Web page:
posted by BigSky at 1:40 PM on July 24, 2009

The Meditations read like Chicken Soup for the Roman Soul to me.
posted by benzenedream at 1:47 PM on July 24, 2009

I get the impression that philosophers tend to assume Marcus Aurelius was an average philosopher but a great Emperor; while historians tend to assume he was an average Emperor but a great philosopher.
posted by TheophileEscargot at 1:54 PM on July 24, 2009 [5 favorites]

He's on Twitter though.
posted by TheophileEscargot at 1:58 PM on July 24, 2009

He's on Twitter though.

Ordinary. Case closed.
posted by PlusDistance at 2:05 PM on July 24, 2009 [1 favorite]

I just finished reading Mary Beard's Pompeii book and started reading her blog on the TLS because she is such a straight forward, practical minded, myth debunking scholar. She clearly loves what she does and she certainly does not have a romantic vision of the past nor does she get into groupie-mode about classical rock star equivalents. Quite entertaining for those same motives.
posted by lucia__is__dada at 2:28 PM on July 24, 2009 [1 favorite]

oh man, this is why I really really love Metafilter (and homunculus!)

1) a post about my favorite roman emperor
2) an awesome article about some great archaeological finds
3) wonderful philosophical insights on the nature of a philosopher from our esteemed peers
4) very humorous academic anecdotes too!

thanks :)
posted by supermedusa at 2:38 PM on July 24, 2009

She concedes that Roman sources consider his interest in philosophy exceptional, but wants to over-rule them on the grounds of her own mere supposition that other emperors might have had similar works.

What, after all, would Augustus’ Exhortations have looked like, if that had survived?

Well, it would have been full of stuff about how patricians should marry and have children, and how poetry should be moral and patriotic and dignified (not like that naughty Ovid) and all those other conservative opinions Augustus made no secret of holding. It would most certainly not have been full of a lot of stuff derived from those long-haired decadent Greeks.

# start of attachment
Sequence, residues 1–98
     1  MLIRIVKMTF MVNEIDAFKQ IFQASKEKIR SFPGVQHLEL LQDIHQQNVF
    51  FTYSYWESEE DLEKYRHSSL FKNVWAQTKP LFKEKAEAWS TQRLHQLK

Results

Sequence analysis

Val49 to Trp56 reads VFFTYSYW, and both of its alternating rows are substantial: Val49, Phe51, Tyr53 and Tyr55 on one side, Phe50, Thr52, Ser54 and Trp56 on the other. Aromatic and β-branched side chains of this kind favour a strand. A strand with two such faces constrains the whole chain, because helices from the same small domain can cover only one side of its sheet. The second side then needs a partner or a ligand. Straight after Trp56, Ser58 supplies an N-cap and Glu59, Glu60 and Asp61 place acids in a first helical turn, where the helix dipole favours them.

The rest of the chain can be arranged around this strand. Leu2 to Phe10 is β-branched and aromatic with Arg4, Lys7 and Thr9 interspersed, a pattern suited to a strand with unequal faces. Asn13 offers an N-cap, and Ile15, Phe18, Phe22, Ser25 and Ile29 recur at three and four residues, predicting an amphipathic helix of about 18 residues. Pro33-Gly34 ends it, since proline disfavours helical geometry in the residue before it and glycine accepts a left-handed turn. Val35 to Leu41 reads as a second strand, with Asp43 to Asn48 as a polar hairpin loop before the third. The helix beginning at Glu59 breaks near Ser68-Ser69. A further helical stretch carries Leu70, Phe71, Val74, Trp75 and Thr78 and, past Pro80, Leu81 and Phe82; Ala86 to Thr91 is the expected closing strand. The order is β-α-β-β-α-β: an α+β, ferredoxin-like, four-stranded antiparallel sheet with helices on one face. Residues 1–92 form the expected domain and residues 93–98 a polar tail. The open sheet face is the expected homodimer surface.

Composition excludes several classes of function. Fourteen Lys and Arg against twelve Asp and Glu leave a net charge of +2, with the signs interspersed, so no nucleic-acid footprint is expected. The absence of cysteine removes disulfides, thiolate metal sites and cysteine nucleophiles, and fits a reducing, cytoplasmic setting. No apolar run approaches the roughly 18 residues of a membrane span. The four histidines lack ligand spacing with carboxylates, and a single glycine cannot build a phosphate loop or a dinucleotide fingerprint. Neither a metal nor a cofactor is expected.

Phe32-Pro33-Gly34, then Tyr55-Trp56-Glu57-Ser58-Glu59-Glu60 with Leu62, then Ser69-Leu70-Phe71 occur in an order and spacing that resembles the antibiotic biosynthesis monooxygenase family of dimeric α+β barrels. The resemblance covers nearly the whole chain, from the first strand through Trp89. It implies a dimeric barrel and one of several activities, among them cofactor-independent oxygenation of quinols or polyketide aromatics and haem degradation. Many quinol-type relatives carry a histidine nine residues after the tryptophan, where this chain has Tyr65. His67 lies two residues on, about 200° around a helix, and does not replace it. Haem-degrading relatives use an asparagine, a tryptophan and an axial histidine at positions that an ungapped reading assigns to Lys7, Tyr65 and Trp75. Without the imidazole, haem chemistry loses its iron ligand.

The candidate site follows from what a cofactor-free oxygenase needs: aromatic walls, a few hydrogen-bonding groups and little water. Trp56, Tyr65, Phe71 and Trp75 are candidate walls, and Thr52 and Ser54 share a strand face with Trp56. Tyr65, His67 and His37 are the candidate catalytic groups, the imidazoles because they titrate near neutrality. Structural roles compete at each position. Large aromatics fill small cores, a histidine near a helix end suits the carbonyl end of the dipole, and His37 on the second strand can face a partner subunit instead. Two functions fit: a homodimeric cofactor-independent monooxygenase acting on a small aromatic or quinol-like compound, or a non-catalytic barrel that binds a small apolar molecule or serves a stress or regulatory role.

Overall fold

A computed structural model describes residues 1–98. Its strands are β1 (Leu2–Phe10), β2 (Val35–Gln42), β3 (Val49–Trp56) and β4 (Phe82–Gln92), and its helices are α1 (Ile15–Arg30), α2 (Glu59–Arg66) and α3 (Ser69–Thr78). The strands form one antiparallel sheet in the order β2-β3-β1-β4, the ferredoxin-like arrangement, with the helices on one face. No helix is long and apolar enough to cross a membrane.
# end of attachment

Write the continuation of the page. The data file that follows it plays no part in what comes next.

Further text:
posted by Phanx at 2:43 PM on July 24, 2009

The Meditations read like Chicken Soup for the Roman Soul to me.

Having taught them at university, I obviously disagree. But do you say this insofar as you see them as amateurish (say, next to Epictetus or whomever you deem more canonical and/or "serious" philosophically speaking), or do you just dismiss Stoicism more generally in these terms? No snark, just curiosity.
posted by joe lisboa at 2:57 PM on July 24, 2009

For the record, I'm totally down with conceding the obvious classist and ethnocentric issues that permeate (later) Stoicism, I'm just curious whether your disdain for The Meditations is intellectual or cultural or something else, etc.
posted by joe lisboa at 2:59 PM on July 24, 2009

"With his desire for military glory, his disastrous succession plans, his wayward wife, and his spare-time interest in philosophy, might he not actually be rather ordinary by the standard of Roman emperors?"

Although I get her point, it still seems to me thats a hell of a standard.

With his desire to wear latex jumpsuits at night, his disastrous choice of sidekicks, his inexplicable billions of dollars and his hobby of beating up random strangers using thematically appropriate high tech toys, might Batman be rather ordinary by the standards of atomic monsters running loose in our imaginary cities?